John Tillotson (1672-1689), Azure two bendlets between two garbs argent, and John Sharp (1689-1691), Azure a pheon argent and on a bordure or twelve torteaux.
And finally, Frederic Farrar (1895-1903), Argent on a bend engrailed sable three horseshoes argent, and Henry Alford (1857-1871), Or on a chevron sable between three roses gules three fleurs-de-lys argent.
Moving from the Cloister through a doorway into the Chapter House, the visitor is confronted at the far, east, end of the room by a huge stained glass window depicting in its main sections people important in the history of Canterbury from Queen Bertha to Queen Victoria. (You can click on the image below to see a larger version of this photograph.)
Most of these individuals, with the exceptions of King Henry III, King Edward I, the Black Prince, King Henry IV, King Henry VIII, and Queen Victoria, are not shown with their coats of arms.
The upper part of the windows display a number of coats of arms, mostly of different sees around England with the arms of a few individuals thrown in for good measure (e.g., the arms of Archbishop Temple impaling those of the Archepiscopal See). You may recognize some of them without even needing to look them up.
In between is a row of heraldry with four coats of arms we have seen several times before in our survey of heraldry in Canterbury:
Here, the Archepiscopal See of Canterbury, and the Canterbury Cathedral Dean and Chapter:
And the Grand Lodge of Masons (Gules on a chevron between three towers argent a pair of compasses sable, impaling Quarterly azure and or a cross quarterly argent and vert between 1st a lion rampant or, 2nd a bull passant sable, 3rd a man statant affronty hands elevated proper vested sable [should be vert?], and 4th an eagle displayed or), and the County of Kent.
It is an awe-inspiring window, and well worth the time to sit and glory in its construction and colors. And its heraldry.
For our final armorial memorial in the Cloister at Canterbury Cathedral, we find this modern plaque inset into the wall:
In Memory of
Thomas John Claggett
First Bishop of Maryland
and first Bishop consecrated
in the United States of America
the United States Senate
A direct descendant of
Three times Mayor of Canterbury
and Alderman of the City
between 1599 and 1638
tells us that Thomas John Claggett (1743-1816) was the first bishop of the
newly-formed American Episcopal Church, U.S.A. (also known as the Protestant
Episcopal Church in the U.S.A.) to be consecrated on American soil and the
first bishop of the then-recently established (1780) Episcopal Diocese of
died August 4, 1816, at his family home, Croome, in Croom, Maryland. Originally
interred in the family plot on the property, his remains were moved in 1898 to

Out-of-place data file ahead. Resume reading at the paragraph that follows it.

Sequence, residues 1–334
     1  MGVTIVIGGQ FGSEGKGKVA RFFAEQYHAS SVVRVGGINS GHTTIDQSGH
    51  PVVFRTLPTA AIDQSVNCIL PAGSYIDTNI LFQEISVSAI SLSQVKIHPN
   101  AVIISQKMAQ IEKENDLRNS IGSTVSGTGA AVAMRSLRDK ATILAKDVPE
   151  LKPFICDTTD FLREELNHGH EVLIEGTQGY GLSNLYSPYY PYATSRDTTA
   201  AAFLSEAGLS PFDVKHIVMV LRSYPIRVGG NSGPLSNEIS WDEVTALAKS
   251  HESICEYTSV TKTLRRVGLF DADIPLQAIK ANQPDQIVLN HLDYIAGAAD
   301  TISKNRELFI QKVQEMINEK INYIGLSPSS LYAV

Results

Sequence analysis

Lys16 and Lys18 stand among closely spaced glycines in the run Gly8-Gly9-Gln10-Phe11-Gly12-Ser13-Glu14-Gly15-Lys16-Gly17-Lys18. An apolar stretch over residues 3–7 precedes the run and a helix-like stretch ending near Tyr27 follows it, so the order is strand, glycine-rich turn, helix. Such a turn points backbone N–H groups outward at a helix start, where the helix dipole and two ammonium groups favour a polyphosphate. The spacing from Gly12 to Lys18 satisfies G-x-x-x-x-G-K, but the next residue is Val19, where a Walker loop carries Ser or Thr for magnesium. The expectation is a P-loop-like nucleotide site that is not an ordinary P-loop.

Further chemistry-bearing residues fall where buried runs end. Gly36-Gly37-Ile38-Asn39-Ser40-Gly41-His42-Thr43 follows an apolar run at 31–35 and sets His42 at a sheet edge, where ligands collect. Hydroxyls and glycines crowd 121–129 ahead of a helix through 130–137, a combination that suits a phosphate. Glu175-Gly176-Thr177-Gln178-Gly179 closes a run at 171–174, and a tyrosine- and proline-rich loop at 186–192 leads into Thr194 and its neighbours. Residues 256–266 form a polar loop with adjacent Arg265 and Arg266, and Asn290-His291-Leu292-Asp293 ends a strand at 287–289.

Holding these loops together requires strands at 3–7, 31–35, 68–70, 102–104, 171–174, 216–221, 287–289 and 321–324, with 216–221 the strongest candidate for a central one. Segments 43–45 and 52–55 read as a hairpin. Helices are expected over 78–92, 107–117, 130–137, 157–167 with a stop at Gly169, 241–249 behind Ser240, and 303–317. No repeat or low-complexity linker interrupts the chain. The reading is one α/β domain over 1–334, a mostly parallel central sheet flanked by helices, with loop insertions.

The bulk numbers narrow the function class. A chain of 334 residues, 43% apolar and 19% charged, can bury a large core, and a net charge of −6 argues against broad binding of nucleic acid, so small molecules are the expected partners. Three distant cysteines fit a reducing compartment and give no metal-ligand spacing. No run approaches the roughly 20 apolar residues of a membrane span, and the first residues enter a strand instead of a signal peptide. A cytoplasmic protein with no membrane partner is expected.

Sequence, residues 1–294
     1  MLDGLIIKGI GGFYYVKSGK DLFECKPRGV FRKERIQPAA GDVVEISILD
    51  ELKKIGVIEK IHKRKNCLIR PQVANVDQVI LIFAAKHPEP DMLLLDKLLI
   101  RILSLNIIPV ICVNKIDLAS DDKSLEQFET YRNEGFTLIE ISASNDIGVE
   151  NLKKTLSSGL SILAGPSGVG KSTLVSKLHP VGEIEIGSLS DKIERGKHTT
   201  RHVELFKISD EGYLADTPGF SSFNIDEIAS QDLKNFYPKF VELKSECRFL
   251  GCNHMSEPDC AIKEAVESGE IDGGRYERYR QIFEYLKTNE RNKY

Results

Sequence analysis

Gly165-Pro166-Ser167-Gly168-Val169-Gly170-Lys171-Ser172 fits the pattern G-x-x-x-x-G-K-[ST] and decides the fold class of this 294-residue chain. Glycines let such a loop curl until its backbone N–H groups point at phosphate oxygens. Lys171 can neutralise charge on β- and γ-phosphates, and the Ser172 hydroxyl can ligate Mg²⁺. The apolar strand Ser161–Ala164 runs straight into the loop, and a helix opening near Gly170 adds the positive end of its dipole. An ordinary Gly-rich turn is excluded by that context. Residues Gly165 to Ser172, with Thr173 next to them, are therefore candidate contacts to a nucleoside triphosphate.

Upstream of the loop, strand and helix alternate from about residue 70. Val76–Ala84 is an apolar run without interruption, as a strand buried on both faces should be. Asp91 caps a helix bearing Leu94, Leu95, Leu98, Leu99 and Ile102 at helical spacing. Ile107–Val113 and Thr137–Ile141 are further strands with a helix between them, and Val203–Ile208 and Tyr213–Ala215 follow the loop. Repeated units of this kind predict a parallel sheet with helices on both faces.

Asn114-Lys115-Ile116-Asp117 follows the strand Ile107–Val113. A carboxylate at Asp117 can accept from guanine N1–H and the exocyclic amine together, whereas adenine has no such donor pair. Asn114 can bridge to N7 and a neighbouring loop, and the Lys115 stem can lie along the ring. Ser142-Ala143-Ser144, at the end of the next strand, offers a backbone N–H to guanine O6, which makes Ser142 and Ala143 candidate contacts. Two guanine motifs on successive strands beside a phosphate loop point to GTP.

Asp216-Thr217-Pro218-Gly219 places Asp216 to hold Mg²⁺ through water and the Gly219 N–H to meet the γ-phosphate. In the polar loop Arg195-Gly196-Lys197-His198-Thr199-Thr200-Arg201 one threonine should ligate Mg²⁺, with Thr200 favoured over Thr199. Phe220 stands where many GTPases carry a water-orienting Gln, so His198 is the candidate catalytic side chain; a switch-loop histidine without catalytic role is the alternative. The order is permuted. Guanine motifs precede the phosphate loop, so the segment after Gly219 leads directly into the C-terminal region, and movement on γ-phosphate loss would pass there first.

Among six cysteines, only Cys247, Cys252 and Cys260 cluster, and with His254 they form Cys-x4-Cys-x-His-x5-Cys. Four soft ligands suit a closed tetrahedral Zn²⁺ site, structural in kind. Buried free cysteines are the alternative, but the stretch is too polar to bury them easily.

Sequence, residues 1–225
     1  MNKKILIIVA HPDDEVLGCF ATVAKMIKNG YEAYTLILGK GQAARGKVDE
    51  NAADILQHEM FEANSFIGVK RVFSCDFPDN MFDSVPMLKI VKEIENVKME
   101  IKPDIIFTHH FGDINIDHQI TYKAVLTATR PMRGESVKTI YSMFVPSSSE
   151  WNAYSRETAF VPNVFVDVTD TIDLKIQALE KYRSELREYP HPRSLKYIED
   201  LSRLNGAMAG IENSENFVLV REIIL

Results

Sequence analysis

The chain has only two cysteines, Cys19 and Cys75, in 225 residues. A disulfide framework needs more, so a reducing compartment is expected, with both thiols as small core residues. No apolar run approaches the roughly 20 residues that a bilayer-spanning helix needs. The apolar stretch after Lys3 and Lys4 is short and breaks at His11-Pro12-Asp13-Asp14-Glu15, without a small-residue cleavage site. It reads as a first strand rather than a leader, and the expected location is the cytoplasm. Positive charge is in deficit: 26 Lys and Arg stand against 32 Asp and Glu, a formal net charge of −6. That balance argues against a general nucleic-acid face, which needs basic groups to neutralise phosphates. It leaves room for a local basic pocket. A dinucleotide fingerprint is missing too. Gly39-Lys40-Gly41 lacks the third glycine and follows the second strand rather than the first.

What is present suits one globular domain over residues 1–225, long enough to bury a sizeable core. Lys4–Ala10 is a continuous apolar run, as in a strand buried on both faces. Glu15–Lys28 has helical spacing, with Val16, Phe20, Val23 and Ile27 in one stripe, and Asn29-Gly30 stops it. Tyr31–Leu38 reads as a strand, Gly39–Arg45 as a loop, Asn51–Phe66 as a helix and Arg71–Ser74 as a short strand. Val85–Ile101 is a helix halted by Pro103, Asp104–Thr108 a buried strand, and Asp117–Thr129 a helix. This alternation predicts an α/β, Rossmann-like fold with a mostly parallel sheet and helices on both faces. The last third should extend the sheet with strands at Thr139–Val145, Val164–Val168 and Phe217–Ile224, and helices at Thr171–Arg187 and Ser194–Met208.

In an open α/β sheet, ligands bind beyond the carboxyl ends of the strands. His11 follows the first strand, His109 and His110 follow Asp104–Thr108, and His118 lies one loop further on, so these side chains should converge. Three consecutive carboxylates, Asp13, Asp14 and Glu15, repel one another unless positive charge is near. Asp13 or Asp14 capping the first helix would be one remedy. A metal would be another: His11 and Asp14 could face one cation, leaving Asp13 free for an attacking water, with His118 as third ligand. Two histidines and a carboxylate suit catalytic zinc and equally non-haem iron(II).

the National Cathedral in Washington, DC, then still in the early stages of construction.
epitaph, which includes the dates of his ordinations, was penned by his friend
and fellow churchman, lawyer-poet Francis Scott Key (1779-1843), author of the
"Star Spangled Banner".
even a portrait of Bishop Claggett on the Wikipedia page.
Once again, it was the heraldry at the top of this memorial that caught me like a fly in a spider's web.
find the diocesan arms (Sable a key and a pastoral staff in saltire or) to dexter (to the viewer’s left) anywhere, not even in
the comprehensive Heraldry in the Episcopal Church by Eckford de Kay. (The
arms of the Diocese of Maryland are unmistakably different from the arms on the
memorial.) The arms here do, however, show elements that appear on a number of
diocesan arms in the Episcopal Church: a key and pastoral staff in saltire (e.g.,
in the arms of the Diocese of Connecticut and the arms of the Diocese of
Armory gives the beautifully simple arms of Clagett (on the sinister side of the shield, to
the viewer’s right) of Kent and London: Ermine on a fess sable three pheons
Nearing the end of our survey of the heraldry in the Cloister at Canterbury Cathedral, we come to this monument to a clergyman.
The lower part of the inscription is, alas, broken and only partly readable. The upper portion of the inscription reads:
of the Revd Thomas Bennett,
Rector of St
Alphage, Vicar of Northgate,
Stone in the Isle of Orkney,
Canon of this Cathedral
Who died Novr
22d, 1824, aged 54 years.
the daughter of the late
Levett Esqrof Georgia N. America
who with a
numerous family is left
the loss of a tender husband
place lie the remains of
Julian, infant daughter of the above.
The website Historic Canterbury (http://www.machadoink.com/St%20Mary%20Northgate.htm) tells us of Reverend Bennett: "He was of Trinity College, Cambridge, A.B. 1792,
A.M. 1795. He was elected Minor Canon in 1810, presented to St. Alphage in 1812
by Archbishop of Canterbury; and in 1820 to the Vicarage of Stone, by the Dean
and Chapter. *T. Bennett, a minor canon of Westminster, 1797, and also of
Canterbury, 1810; in the latter year he was presented by the Dean and Chapter
of Canterbury to the vicarage of Stone, Kent. He was likewise vicar of Herne